NCI’s Williams Is Mourned
Dr. Joy Ann Williams of Bethesda passed away at the age of 55 on Nov. 18, 2016, after a 4-year battle with ovarian cancer. She was born in Arlington, Va., and obtained bachelor’s degrees in biology and piano performance from Oberlin College and Conservatory. She earned a master’s degree in molecular biology and a Ph.D. in immunology from the University of Maryland.
As a graduate student, she worked at the National Cancer Institute as a pre-doctoral Intramural Research Training Award fellow in the Laboratory of Genetics under Dr. Michael Potter. She then worked as a biologist under her graduate mentor, Dr. Emily Shacter, first in the Laboratory of Genetics, and later in the FDA Center for Biologics Evaluation and Research. The year after earning her Ph.D., Williams joined the laboratory of Dr. Richard Hodes in NCI’s Experimental Immunology Branch as a postdoctoral fellow. She then worked as a regulatory/research scientist at the FDA. In 2006, Williams’ love of basic research brought her back to Hodes’ lab at NIH as a staff scientist.
Williams had an intense and infectious love of science, said coworkers. She brought intellect and commitment to her work and was a successful and productive scientist, they recall. In her most recent work, she advanced the understanding of the biology of thymic development and the cross-talk between thymic epithelium and the developing T-cell repertoire. Her acknowledged expertise in this area, both intellectual and technical, made her a resource at NIH as well as to the international immunology community; she generously helped those who approached her.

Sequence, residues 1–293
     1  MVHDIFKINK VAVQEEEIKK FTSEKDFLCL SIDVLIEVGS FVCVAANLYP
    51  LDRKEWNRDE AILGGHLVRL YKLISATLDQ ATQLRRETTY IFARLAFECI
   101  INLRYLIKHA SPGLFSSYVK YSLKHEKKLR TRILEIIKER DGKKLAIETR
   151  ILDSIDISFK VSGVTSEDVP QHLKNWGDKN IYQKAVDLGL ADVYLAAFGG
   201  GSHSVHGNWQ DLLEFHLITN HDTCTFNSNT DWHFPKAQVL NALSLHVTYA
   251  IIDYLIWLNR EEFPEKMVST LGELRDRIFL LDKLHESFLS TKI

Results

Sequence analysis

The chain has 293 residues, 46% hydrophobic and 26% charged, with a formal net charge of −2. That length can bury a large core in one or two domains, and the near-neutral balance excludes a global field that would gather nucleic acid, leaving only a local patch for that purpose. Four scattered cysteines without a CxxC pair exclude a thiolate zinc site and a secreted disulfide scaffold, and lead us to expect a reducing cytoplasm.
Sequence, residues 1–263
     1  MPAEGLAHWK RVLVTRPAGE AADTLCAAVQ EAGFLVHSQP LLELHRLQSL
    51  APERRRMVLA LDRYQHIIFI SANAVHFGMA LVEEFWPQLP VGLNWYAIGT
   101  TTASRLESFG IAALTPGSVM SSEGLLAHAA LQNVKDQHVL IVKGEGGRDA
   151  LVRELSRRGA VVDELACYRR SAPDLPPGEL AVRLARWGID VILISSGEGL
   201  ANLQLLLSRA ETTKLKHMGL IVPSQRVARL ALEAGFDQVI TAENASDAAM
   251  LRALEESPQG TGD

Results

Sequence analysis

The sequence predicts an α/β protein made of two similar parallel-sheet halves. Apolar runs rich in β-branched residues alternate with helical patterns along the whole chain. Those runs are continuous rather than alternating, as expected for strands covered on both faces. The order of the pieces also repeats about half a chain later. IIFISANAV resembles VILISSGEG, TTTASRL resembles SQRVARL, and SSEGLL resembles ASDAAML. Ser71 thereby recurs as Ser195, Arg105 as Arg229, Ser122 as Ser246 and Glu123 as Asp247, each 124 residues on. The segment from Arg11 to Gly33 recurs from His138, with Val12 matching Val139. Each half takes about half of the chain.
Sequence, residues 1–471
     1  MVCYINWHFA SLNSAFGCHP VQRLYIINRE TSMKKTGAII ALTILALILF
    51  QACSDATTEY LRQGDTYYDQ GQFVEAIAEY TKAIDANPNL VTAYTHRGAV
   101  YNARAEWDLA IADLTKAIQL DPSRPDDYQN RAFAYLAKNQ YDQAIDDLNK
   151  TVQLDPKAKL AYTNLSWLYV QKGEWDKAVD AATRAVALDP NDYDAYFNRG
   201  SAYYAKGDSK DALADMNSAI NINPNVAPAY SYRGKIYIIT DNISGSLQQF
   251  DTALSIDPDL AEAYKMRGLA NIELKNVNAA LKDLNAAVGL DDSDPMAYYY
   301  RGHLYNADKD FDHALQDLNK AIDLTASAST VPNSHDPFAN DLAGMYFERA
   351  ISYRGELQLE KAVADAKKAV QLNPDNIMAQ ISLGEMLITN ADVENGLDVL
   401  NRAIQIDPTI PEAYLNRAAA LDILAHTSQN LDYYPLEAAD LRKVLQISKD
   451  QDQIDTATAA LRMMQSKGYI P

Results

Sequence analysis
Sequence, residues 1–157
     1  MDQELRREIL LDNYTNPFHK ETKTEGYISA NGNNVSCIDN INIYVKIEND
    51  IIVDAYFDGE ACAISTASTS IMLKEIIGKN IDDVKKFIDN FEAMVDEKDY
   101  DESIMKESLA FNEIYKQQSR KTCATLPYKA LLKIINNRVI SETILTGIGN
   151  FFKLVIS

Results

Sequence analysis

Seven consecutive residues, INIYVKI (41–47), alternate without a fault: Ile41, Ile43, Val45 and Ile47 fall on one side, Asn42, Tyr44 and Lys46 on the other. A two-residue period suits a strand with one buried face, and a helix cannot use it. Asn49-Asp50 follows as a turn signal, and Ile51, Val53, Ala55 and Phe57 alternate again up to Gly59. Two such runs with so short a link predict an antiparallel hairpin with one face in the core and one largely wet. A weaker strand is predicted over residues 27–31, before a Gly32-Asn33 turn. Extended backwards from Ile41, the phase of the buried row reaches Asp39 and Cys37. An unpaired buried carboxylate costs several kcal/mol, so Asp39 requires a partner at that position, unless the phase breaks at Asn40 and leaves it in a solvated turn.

This generosity and sincere interest in helping others were constants in Williams’ life, colleagues said, adding, “Joy was a consummate teacher and mentor.” In her years at NIH, she taught courses through the Federation of American Societies for Experimental Biology and at the University of Maryland’s University College. Over her years in the lab, post-bacs, post-docs and colleagues had the good fortune of knowing Williams’ extraordinary ability to teach and inspire via her unique perspectives and sense of humor.
Williams’ love of music continued throughout her life, with performances on piano, flute and accordion. After a 2010 piano concert at the Clinical Research Center, she was quoted in The Scientist: “Playing the piano focuses me” and “absorbs my mind in different ways than science.” Williams remained active in a variety of music activities, including teaching, accompanying other musicians and performing.
Williams was known for her brilliant smile. She loved to ride her bicycle to work on the Capital Crescent Trail and took delight in her trio of dogs. She was reliably cheerful, optimistic and hardworking. Williams is survived by her husband, Todd R. Smyth, her parents Harrison Brownell Williams and Ann Peterson Williams, her sister Julie Arrighetti, her brother-in-law Craig Arrighetti and her nephew Nicholas Arrighetti.
Gifts in Williams’ memory may be directed to support ovarian cancer research at Johns Hopkins Kimmel Cancer Center. Checks should be made payable to Johns Hopkins University. Gifts may be mailed with a memo indicating that the gift is in memory of Joy Ann Williams to the Johns Hopkins Kimmel Cancer Center, P.O. Box 17029 Baltimore, MD 21297-1029 or make a gift online (https://secure.jhu.edu/form/kimmel).